"Schooling doesn’t assure employment, but skill does."
Amit Kalantri,Wealth of Words
Look closely at the news stories circulating about the hiring challenges facing companies around the world and you will see a common narrative emerge. Loads of jobs, in virtually every industry, but a lack of talent is hampering recruiting efforts.
This situation appears even more daunting in the tech sector given the competition for talent. Why? Because every company is now a tech/digital company. If they hadn’t already, the COVID-19 pandemic accelerated efforts to adopt and deploy new technologies to help businesses pivot and stay afloat over the last year and a half.
According to our latest report, ‘Stack It Up: Tech Skills in Demand’, tech-related jobs currently make up more than 50% of the top 20 in-demand roles, globally. Included in the list of most in-demand tech jobs are:
Data analysts and scientists
AI and machine learning specialists
Digital marketing and strategy specialists
Software and application developers
While the search for qualified talent with these skills is ongoing, and an uphill battle, getting talent with the necessary technical qualifications is just one side of the coin.
It’s not enough to just have the right technical skills anymore
As companies automate processes to improve efficiencies, and utilise AI capabilities, the skills required from employees is changing. There is a growing need for human soft skills to effectively execute in-demand roles, and finding the right combo of skills is likely to only become increasingly competitive.
Along with technical capabilities, some of the top soft skills that will be advantageous for companies to hire for are:
Analytical thinking and innovation
Leadership and social influence
Resilience and flexibility
As tech evolves towards 5G, driven by the rapid rise in remote and mobile work, and demand for cyber security and cloud engineering continues at pace, the future profile of talent is morphing.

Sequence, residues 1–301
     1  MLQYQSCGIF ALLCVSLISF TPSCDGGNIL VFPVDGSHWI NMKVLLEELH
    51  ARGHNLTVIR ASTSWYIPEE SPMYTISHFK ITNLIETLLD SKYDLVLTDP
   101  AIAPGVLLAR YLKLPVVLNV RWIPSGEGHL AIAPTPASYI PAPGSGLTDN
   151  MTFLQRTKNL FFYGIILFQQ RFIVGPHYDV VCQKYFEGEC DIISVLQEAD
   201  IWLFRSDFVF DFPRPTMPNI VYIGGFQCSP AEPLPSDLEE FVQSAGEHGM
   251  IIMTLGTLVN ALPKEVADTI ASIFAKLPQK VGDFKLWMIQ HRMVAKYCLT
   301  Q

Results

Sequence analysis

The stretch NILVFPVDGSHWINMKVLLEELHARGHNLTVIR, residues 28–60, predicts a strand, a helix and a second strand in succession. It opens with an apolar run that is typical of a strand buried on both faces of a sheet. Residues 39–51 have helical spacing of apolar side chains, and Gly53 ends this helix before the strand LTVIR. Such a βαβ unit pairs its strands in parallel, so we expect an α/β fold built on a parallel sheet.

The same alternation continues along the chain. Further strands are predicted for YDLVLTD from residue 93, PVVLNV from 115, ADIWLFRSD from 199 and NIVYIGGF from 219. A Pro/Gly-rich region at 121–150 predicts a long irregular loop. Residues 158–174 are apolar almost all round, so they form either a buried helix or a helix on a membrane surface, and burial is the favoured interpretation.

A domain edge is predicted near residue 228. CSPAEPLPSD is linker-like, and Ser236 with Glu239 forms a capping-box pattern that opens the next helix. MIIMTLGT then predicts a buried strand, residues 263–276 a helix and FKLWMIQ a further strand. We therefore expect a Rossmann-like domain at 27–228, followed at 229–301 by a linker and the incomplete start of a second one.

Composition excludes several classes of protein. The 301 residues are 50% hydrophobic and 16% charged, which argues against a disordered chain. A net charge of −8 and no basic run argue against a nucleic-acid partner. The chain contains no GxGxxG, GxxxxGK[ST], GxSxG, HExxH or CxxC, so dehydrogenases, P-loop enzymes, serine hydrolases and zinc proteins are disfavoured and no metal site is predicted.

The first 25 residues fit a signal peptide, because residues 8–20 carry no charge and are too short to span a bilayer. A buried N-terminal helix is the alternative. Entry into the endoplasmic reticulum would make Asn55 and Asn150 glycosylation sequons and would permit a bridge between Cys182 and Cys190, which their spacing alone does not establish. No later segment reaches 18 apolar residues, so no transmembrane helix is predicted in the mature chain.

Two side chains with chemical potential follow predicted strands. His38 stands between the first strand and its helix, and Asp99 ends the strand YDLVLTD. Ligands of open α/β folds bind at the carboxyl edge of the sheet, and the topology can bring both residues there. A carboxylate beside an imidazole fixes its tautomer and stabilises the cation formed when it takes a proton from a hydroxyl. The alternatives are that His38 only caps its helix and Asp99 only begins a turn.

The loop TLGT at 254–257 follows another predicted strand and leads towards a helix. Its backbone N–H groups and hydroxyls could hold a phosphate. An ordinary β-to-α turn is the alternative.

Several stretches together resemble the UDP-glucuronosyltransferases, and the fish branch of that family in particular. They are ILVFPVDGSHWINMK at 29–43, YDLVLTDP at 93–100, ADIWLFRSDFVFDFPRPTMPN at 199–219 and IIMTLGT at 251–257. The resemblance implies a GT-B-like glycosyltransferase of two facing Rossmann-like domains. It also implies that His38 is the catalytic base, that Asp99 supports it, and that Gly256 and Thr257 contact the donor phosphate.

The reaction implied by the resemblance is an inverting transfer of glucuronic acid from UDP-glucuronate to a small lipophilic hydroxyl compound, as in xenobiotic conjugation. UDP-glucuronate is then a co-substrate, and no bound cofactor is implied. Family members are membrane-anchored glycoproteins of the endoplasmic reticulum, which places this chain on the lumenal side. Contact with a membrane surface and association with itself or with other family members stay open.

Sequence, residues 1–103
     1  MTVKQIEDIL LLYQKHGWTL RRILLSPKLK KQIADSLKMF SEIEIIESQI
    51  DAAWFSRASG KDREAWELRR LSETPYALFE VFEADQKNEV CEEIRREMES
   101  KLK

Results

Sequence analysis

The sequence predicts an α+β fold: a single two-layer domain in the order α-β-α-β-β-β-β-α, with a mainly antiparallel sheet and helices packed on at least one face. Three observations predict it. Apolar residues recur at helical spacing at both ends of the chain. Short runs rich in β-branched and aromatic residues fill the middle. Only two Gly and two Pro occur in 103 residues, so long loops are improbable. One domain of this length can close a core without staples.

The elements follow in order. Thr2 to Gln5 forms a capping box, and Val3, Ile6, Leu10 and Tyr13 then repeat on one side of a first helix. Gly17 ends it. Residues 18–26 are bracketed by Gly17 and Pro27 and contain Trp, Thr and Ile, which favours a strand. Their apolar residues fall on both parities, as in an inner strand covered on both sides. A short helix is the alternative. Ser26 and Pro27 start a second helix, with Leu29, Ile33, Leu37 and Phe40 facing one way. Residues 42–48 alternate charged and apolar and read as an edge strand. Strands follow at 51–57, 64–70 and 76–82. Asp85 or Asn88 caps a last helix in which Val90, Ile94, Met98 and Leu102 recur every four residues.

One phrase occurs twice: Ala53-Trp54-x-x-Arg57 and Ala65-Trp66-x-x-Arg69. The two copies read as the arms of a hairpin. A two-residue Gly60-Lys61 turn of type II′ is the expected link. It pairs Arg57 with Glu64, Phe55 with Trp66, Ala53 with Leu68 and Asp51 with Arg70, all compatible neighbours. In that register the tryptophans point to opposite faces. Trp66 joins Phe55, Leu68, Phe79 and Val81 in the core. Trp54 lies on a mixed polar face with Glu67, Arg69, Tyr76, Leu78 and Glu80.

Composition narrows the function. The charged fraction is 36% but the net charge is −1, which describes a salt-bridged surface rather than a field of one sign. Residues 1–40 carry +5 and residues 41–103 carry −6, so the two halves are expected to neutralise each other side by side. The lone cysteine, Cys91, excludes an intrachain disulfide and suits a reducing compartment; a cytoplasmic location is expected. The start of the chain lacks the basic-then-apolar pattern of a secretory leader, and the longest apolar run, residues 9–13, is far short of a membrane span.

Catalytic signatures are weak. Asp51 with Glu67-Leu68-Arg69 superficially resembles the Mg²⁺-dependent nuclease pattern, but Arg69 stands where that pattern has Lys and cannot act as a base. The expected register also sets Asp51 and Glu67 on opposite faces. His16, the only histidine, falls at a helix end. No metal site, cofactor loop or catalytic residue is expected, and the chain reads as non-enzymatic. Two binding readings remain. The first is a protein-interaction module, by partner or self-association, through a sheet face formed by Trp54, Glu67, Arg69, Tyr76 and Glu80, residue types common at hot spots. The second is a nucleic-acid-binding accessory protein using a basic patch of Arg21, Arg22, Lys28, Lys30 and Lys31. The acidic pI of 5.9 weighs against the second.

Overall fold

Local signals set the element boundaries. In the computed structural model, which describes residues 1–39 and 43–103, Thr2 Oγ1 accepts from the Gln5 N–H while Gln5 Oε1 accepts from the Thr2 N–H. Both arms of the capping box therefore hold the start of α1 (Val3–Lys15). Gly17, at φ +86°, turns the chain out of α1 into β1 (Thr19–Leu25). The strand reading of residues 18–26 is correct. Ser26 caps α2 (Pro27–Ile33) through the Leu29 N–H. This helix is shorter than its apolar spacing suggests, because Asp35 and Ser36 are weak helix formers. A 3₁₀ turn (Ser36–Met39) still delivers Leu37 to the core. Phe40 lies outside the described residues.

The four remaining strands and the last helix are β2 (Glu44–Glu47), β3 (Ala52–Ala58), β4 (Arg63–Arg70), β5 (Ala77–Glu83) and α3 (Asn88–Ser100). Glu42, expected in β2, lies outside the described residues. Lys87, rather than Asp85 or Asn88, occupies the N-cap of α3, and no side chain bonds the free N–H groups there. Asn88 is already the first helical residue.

Two-thirds (64%) of companies do not have the skills required to implement their digital transformation strategy and capitalise on growth potential. But what can be done to help this?
The 4 B’s – Build, Buy, Borrow and Bridge
Changing workforce dynamics and the acceleration of tech adoption is forcing organisations across all industries to redesign their workforce composition and rethink their skills mix. Companies want to be employers of choice and ensure a competitive advantage in the market, but in order to do this they must development sophisticated, competitive workforce strategies up to the task.
Maintaining a Build, Buy, Borrow and Bridge strategy can help ensure you have the specialised IT talent and in-demand skills your organisation needs to stay ahead. What do the 4 B’s entail? We’re glad you asked:
Build – Invest in learning and development to grow your tech talent pipeline
Buy – Go to the external market to find the best tech talent that cannot be built in-house in the timeframe required
Borrow – Cultivate tech talent outside the organisation, including part-time, freelance, contract and temporary workers to complement existing and emerging skills
Bridge – Help people move on and move up to take on new tech roles and acquire new technical and soft skills inside or outside of the organisation
To learn more about how orgnaisations are adopting new technologies, the most in-demand tech roles and skills, and how Experis is helping businesses become employers of choice, download the Stack It Up: Tech Skills in Demand report here.